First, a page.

If you have other questions about OCR or why we do what we do with the Digital Collections, leave a comment below and we’d be happy to answer them.

NC Government Publication Named Notable of 2012 by Library Journal



ACCESS North Carolina: A Vacation and Travel Guide for People with Disabilities was recently named by Library Journal as one of the notable government documents for 2012.

ACCESS North Carolina mixes text and icons to offer basic tourist site data on nearly 400 different locations throughout North Carolina. Users can tell at a glance if a site is accessible or partially accessible for persons with ­disabilities. In addition to benefiting people with disabilities, the information in ACCESS North Carolina can also benefit people who are aging, and parents with child and infant strollers.

ACCESS North Carolina was produced by the Division of Vocational Rehabilitation Services, a division of the North Carolina Department of Health and Human Services .

To read the complete Library Journal article go to here.  To see the listing for ACCESS North Carolina, scroll down the article to State and Local, and then to North Carolina.


National Applesauce Cake Day

Photograph of applesauce cake

Applesauce cake, care of flickr user Patent and the Pantry. (Made from a recipe similar to, but not the same as the one in this post.)

The internet tells me that today is National Applesauce Cake Day. I couldn’t find out who officially declared that June 6 be reserved for the celebration of applesauce cake, but I did find some information on the origin of the recipe itself, claiming that it’s a 20th century creation related to traditional fruitcake. During World War I, applesauce cakes were “promoted as patriotic (less butter, sugar, eggs)” – coming from the idea that using fewer food resources was a way of contributing to the War on the domestic front*. The earliest mention I could find of applesauce cake in the United States comes from a 1904 letter to the Boston Globe‘s Household Department. It reads as follows:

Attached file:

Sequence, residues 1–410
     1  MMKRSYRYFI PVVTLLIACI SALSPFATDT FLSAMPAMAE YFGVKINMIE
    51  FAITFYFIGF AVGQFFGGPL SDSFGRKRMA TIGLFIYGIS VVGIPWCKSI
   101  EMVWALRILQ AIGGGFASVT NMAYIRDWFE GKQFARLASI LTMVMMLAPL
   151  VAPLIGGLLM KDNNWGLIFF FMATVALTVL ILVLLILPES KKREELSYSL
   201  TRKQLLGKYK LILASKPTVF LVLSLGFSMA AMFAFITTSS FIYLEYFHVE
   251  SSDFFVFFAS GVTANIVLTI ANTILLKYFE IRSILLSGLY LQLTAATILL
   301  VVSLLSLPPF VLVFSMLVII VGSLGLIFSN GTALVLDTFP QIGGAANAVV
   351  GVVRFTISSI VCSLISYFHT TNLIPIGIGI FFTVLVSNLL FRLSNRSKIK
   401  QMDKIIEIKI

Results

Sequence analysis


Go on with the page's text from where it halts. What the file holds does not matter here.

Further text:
Nellie Bly—Your apple sauce cake was delicious. I have read the household department ever since it started and find many good recipes. Sunnyside. (February 6, 1904)

Google’s ngram, which I’ve mentioned before, shows a sharp up-tick in mentions of applesauce cake leading into World War II.

So here’s a recipe from Favorite Recipes of North Carolina (page 33, digital page 35) available in our North Carolina Digital Collections. I’ve tried it myself, and have to say it’s definitely a frugal tasting cake; best for when you need a filling, but only slightly sweet snack.



State Doc Pick of the Week : About going to college

Going to collegeSchool is out and summer is here! And for a lot of high schoolers who have made their way across the stage, a university beckons in the fall. This document, published in 1957, provides information that every ‘50s high school graduate needs to know about college.  It includes sections on choosing a college, admissions, financing college, academic programs and provides a list of all of the white, Indian and negro colleges of North Carolina. Take a step back in time and read about what going to college was like when the fee for taking the SAT was $6.00, and students could serve in the dining hall or work at a local soda fountain to pay for their education.

This publication can be downloaded, printed, saved, and viewed by clicking here.

This blog is a service of the State Library of North Carolina, part of the NC Department of Cultural Resources. Blog comments and posts may be subject to Public Records Law and may be disclosed to third parties.